In the early days of the roundups, the first hint that a friend was in trouble was deletion from their contact list. A text would be met ominously with the telltale red exclamation mark and “message not sent” notice. Friends and family overseas were particularly vulnerable to being cut off as the ambiguous list of banned countries grew by the day, and self-censorship was in full swing against careless words. With other popular forms of social media banned in the homeland and Skype, WhatsApp, or worse still a VPN found during daily spot checks on your mobile a “re-educationable” offense, the options for keeping in touch were limited.

When passports were issued unexpectedly to Uyghurs in 2015 and many made a dash to Egypt or Saudi Arabia to study Islamic theology, WeChat was a gift, but it also meant Beijing could keep a close eye from a distance. The app, downloaded in the home country with a local number to avoid suspicion, carried photos and videos of loved ones, parents, and children. And as the doors closed to return in 2017, the priceless memories went with them to their countries of exile.

Many are the Uyghurs in exile with new phones who have forgotten the precious password that links them to their past. Forced to download a fresh app from outside China with a foreign number, they not only forfeit all their priceless digital keepsakes but bring more danger to relatives back home. Countless families torn from their children lose the only photos they have once their Xinjiang telephone number becomes obsolete through lack of use and is given to someone else. Locked out of their memories, they have to read between the lines of every family grouping. Who is there and who is suddenly not there? Who looks old and who has lost vast amounts of weight? A friend posted her photo the other day after being released early from her seven-year sentence, a good 20 kilograms lighter and an absolute shadow of her former self.

The last couple of years have unleashed a trove of imaginative ways of alerting families overseas as to how those trapped in the homeland are doing. Those who haven’t been erased from contact lists get cryptic messages about the “weather” being good, bad, stormy, or changeable, or someone becoming “sick” and going to “hospital” for a long time. Some are fortunate enough to receive the oblique tidings that the relative has been discharged, Other friends, rather than cause trouble with written messages, find emojis to express love, frustration, sadness, or longing. A familiar one is a fire in the shape of a heart to express deep sadness and longing, or a cartoon figure that captures a mood. Music is swapped back and forth to speak louder than them all; through songs a multitude of personal messages can be conveyed.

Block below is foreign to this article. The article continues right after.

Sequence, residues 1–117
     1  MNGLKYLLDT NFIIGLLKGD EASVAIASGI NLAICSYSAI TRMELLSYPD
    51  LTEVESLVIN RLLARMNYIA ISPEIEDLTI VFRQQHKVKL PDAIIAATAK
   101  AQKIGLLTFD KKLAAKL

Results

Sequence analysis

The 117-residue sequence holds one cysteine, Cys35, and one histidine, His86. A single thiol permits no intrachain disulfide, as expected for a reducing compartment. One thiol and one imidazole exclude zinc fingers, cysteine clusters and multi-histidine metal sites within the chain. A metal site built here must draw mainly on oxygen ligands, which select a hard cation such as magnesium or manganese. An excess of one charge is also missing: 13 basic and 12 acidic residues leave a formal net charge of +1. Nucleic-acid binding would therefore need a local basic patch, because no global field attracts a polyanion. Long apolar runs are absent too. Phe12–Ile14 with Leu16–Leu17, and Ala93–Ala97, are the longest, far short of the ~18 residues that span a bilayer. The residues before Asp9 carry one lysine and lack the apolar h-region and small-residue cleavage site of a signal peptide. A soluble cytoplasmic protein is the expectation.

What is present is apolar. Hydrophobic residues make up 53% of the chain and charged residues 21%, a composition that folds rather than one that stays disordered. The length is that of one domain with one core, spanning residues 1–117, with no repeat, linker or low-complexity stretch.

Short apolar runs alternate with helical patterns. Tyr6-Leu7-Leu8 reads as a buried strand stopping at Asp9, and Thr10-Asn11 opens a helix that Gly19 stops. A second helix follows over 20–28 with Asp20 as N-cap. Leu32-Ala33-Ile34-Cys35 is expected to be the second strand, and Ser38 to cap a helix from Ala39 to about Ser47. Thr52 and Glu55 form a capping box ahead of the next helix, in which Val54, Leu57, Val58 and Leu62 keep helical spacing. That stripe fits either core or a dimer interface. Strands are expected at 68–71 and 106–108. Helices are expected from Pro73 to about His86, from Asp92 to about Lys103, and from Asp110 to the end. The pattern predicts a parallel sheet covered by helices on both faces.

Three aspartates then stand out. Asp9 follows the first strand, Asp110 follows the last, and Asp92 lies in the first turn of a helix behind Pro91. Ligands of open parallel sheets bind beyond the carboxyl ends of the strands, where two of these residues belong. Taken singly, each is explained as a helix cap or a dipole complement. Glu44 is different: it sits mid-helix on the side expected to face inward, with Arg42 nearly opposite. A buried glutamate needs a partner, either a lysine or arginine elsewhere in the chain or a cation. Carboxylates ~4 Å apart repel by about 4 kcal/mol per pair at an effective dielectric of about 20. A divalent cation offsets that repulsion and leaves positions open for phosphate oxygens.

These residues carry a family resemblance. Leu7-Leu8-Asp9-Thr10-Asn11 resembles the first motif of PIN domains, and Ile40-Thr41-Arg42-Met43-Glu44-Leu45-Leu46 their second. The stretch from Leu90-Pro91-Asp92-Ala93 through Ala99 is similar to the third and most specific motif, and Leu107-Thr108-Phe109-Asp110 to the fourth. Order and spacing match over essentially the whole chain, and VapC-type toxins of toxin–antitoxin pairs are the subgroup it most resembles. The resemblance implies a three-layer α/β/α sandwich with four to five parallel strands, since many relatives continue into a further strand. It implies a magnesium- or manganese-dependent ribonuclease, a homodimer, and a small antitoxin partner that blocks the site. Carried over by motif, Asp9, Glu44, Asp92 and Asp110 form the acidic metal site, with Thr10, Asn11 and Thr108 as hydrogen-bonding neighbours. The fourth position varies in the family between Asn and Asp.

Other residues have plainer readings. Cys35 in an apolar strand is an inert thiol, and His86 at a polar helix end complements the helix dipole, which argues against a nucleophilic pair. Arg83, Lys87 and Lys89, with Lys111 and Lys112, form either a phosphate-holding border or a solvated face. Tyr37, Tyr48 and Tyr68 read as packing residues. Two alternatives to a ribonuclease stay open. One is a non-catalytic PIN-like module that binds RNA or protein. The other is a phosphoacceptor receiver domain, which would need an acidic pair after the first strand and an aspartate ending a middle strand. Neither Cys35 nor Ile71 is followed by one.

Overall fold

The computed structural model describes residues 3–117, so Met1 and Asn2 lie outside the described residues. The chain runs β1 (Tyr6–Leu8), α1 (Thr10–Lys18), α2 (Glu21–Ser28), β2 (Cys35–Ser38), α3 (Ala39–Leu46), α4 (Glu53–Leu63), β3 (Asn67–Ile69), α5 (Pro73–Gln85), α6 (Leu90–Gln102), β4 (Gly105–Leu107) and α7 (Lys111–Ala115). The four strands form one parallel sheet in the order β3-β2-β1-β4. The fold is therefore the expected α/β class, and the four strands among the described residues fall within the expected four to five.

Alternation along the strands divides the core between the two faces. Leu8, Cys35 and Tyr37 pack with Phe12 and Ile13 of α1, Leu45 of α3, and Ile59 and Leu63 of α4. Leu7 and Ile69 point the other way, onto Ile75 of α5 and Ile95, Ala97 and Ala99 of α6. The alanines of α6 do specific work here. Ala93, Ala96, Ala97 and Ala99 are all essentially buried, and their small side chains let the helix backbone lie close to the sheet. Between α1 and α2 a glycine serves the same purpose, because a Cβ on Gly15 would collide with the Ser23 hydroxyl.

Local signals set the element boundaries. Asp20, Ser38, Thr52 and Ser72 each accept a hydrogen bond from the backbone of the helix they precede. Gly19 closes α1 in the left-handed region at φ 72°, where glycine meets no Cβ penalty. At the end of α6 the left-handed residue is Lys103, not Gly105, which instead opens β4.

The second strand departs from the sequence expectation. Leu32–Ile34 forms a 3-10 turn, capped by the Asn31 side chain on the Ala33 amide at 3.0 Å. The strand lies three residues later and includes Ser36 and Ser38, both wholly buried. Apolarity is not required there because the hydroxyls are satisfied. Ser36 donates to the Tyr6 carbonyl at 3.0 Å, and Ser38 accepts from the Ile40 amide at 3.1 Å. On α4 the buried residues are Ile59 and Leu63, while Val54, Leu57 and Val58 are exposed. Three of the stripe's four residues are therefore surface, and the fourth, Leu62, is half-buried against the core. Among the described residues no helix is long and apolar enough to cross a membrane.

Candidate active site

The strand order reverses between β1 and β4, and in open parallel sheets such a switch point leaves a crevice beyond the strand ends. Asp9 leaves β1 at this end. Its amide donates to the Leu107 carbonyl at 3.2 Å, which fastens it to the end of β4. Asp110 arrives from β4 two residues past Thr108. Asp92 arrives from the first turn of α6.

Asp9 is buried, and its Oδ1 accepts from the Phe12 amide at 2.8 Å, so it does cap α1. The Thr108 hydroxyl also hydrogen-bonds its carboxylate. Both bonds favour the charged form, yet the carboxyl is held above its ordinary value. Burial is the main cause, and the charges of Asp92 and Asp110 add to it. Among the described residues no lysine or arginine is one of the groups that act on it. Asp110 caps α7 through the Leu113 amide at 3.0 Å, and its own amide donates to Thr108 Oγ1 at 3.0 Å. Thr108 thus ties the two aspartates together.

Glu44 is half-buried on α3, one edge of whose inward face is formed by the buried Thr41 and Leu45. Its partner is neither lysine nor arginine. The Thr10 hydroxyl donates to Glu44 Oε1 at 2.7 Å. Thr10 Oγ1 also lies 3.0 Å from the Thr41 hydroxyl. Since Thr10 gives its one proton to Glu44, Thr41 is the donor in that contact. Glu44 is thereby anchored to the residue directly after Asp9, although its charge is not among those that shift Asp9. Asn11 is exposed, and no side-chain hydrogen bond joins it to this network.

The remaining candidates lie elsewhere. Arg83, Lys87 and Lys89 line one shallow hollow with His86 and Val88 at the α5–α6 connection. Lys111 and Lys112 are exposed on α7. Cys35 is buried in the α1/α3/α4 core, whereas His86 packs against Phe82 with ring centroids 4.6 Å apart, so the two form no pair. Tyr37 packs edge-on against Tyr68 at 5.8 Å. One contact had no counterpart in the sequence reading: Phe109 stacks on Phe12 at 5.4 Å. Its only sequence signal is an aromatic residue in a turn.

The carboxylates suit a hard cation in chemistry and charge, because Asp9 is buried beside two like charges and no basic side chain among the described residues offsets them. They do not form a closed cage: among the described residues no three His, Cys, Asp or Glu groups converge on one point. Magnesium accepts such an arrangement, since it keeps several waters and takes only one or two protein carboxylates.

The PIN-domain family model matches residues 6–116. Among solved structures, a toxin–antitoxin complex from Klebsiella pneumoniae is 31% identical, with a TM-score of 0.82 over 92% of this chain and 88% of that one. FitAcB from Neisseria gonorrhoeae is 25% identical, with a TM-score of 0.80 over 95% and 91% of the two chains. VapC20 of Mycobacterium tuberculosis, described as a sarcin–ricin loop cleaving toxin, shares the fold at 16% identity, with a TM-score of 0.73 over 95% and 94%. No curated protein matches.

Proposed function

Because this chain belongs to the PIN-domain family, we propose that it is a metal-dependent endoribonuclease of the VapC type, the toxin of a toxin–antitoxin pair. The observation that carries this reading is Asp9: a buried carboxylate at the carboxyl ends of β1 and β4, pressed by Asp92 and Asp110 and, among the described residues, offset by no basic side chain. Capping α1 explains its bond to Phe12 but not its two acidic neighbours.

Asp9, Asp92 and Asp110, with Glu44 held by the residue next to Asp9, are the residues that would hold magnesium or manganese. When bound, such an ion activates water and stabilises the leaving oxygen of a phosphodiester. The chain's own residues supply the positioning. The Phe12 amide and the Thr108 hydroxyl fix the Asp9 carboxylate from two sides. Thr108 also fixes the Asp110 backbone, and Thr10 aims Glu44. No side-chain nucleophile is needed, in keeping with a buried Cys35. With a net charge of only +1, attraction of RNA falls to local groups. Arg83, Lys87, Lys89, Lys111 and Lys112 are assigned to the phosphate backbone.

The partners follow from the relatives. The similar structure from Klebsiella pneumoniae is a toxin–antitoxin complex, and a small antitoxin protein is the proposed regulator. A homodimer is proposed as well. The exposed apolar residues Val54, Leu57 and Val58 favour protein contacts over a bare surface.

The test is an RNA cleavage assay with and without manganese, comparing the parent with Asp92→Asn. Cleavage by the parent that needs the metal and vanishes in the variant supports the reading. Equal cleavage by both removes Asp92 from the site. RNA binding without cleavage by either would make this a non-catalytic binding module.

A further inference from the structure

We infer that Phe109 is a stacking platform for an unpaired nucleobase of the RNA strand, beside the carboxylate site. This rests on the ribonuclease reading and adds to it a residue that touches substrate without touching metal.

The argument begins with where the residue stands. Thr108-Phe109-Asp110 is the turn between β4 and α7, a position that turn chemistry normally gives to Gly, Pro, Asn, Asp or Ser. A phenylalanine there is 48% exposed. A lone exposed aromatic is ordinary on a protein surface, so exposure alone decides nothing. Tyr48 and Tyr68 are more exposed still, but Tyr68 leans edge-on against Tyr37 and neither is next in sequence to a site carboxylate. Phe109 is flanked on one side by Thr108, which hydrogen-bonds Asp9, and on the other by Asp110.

Even more inscrutable to the prying eyes of censors is the custom of weekly tweaking profile photos to prove someone is still “safe.” It proves a comfort to faraway loved ones, as are subtle poses in mutually recognized places, or a photo taken in certain clothes, or with a musical instrument or bunch of favorite flowers, in a particular room with a shared memory. These techniques have spoken volumes across the breach.

Likewise a social media photo that never changes screams across the divide. Rahile Dawut, the beloved Uyghur writer and folklore compiler who disappeared more than two years ago, is still staring up from the bottom of a spiral staircase in her online avatar, much as she did before she was taken. Other friends of mine likewise have not only disappeared from my life, but from the lives of all those who love them.

There are winners and losers in this first wave of releases. The leash is short and freedom tenuous. One wrong move means a return to join the hundreds of thousands whose graduation from the camps has merely meant transition to harsher climes.

A trickle of my Uyghur friends are “coming home,” but what this means in the long term for up to 3 million others in extrajudicial incarceration has yet to be determined.

Ruth Ingram is a researcher who has written extensively for the Central Asia-Caucasus publication, Institute of War and Peace Reporting, the Guardian Weekly newspaper and other publications